Earlier this year, the U.S. Supreme Court ruled that the North Carolina State Board of Dental Examiners violated the federal antitrust laws by preventing non-dentists from providing teeth whitening services in competition with the state’s licensed dentists. N.C. State Bd. of Dental Exam’rs v. FTC, 135 S. Ct. 1101 (2015). The Board had argued that, because it is a state agency, it is exempt from liability under the federal antitrust laws. The FTC rejected that argument during our administrative trial, the Fourth Circuit rejected it on appeal, and finally the Supreme Court put the argument to rest, finding that the “state action defense” does not apply to the actions of a licensing board controlled by market participants unless its conduct is actively supervised by the state.
The Board is a state agency established under North Carolina law and charged with setting and enforcing licensing standards for dentists. This type of regulatory board is increasingly common as more states establish licensing requirements for an ever-expanding list of occupations, including, in some places, locksmiths, beekeepers, auctioneers, interior designers, fortune tellers, tour guides, and shampooers. These boards typically are made up of licensed professionals—that is, doctors commonly regulate doctors, beekeepers regulate beekeepers, and tour guides regulate tour guides. The problem—from an antitrust perspective—is that when a controlling number of decisionmakers on the regulatory board have a private incentive to limit competition from non-licensed providers, there needs to be an independent determination that the board’s actions are consistent with the state regulatory scheme in order to avoid antitrust liability.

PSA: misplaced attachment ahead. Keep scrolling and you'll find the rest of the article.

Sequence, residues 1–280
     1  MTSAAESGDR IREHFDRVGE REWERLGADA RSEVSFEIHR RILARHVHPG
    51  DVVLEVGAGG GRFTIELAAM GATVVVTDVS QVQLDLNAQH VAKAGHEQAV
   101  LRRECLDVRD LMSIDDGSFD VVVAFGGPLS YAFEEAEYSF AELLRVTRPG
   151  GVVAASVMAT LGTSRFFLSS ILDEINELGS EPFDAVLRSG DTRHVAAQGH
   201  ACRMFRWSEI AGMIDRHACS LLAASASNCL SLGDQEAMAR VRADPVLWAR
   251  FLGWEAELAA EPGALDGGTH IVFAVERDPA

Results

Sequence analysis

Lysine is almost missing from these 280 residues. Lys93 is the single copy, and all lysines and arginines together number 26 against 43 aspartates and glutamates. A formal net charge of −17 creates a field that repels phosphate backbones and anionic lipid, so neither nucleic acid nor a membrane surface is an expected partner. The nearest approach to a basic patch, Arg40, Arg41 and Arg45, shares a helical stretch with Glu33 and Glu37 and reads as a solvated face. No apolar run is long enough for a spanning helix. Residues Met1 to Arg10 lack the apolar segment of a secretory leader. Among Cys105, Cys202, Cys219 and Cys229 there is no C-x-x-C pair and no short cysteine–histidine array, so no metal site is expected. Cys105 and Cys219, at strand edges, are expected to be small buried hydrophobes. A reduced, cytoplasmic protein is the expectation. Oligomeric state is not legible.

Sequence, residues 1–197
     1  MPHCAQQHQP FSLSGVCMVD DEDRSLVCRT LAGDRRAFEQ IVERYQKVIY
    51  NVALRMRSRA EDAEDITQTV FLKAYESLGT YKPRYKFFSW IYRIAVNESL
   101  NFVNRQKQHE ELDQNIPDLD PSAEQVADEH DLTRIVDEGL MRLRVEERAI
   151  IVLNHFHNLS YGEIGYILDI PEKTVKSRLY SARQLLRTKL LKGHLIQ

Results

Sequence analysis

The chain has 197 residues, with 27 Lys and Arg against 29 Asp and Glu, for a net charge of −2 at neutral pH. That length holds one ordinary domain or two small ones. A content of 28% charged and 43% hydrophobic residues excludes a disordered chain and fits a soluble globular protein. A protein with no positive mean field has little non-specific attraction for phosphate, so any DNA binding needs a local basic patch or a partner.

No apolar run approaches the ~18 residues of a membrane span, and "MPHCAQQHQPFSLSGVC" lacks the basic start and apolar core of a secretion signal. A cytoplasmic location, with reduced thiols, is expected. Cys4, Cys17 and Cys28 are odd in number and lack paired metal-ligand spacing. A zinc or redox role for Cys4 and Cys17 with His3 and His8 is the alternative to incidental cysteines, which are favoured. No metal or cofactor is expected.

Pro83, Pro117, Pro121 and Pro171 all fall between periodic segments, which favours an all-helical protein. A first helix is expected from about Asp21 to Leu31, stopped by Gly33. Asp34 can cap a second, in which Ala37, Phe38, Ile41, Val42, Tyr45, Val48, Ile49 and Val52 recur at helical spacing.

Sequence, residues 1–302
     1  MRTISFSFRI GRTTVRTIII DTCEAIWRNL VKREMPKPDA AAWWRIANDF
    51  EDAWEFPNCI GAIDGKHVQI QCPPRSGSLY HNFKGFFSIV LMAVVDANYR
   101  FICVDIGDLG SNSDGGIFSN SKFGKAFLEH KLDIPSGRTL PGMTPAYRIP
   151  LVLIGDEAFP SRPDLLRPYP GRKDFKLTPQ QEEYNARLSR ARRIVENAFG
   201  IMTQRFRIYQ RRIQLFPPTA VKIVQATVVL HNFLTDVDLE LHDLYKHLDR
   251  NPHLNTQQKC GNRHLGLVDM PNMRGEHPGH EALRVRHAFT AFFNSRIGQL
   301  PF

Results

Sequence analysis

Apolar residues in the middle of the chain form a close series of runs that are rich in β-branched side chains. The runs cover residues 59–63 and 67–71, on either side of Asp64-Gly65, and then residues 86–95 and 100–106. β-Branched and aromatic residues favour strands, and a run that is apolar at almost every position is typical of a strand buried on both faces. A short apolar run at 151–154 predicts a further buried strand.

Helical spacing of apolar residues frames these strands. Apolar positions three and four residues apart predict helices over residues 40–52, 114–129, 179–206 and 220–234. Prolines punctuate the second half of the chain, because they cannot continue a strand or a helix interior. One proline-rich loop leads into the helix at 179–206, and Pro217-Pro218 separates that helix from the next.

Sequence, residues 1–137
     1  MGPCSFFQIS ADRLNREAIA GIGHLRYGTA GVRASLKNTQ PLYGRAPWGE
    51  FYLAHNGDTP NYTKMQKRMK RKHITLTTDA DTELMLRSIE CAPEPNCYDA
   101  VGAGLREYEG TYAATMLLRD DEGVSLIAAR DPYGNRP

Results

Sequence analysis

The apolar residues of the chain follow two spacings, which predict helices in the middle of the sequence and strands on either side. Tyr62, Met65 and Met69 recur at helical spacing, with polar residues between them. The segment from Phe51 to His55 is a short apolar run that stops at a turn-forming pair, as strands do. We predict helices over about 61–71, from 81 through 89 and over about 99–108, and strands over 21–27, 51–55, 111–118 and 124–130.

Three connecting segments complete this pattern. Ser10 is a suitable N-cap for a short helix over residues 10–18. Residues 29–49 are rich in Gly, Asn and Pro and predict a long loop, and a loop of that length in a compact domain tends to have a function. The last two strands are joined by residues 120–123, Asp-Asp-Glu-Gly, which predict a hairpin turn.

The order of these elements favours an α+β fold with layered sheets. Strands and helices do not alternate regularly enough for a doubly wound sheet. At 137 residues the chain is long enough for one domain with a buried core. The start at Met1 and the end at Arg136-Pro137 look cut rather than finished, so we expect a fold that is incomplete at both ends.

In the wake of the Supreme Court’s decision, we received requests for advice from state officials and others as to what constitutes antitrust compliance for state boards responsible for regulating occupations. In response, we developed FTC Staff guidance that addresses two basic questions:
- When does a state regulatory board require active supervision in order to invoke the state action defense?
- What factors are relevant to determining whether the active supervision requirement is satisfied?
Of course, states can avoid unneeded and burdensome regulation of service providers and empower regulatory boards to restrict competition only when necessary to protect the health or safety of consumers. Or the state may create a board that serves only in an advisory capacity or is made up of persons who have no financial interest in the occupation that is being regulated. In addition, a state may forgo active supervision and choose to have its boards subject to federal antitrust standards. In that case, the state need not provide for active supervision.
Antitrust analysis – including the applicability of the state action defense – is fact-specific and context-dependent. The new FTC staff guidance does not suggest that states should actively supervise regulatory boards, nor does it recommend a one-size-fits-all approach. Instead, we have identified certain overarching legal principles governing when and how a state may provide active supervision for a regulatory board, and we urge each state regulatory board to consult with the Office of the Attorney General for its state for customized advice on how best to comply with the antitrust laws.